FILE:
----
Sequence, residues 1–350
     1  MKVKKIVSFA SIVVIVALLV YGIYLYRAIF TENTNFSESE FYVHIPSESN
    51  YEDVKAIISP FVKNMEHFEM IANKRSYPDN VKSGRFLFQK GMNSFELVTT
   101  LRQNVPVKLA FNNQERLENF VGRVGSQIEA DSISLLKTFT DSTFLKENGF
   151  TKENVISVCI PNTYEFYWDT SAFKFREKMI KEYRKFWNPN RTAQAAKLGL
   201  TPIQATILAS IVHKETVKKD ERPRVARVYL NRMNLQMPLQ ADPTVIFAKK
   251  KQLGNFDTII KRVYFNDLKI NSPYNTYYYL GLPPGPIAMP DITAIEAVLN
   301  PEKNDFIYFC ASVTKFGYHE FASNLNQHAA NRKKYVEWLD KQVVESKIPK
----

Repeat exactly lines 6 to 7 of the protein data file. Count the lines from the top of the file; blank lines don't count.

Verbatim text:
   201  TPIQATILAS IVHKETVKKD ERPRVARVYL NRMNLQMPLQ ADPTVIFAKK
   251  KQLGNFDTII KRVYFNDLKI NSPYNTYYYL GLPPGPIAMP DITAIEAVLN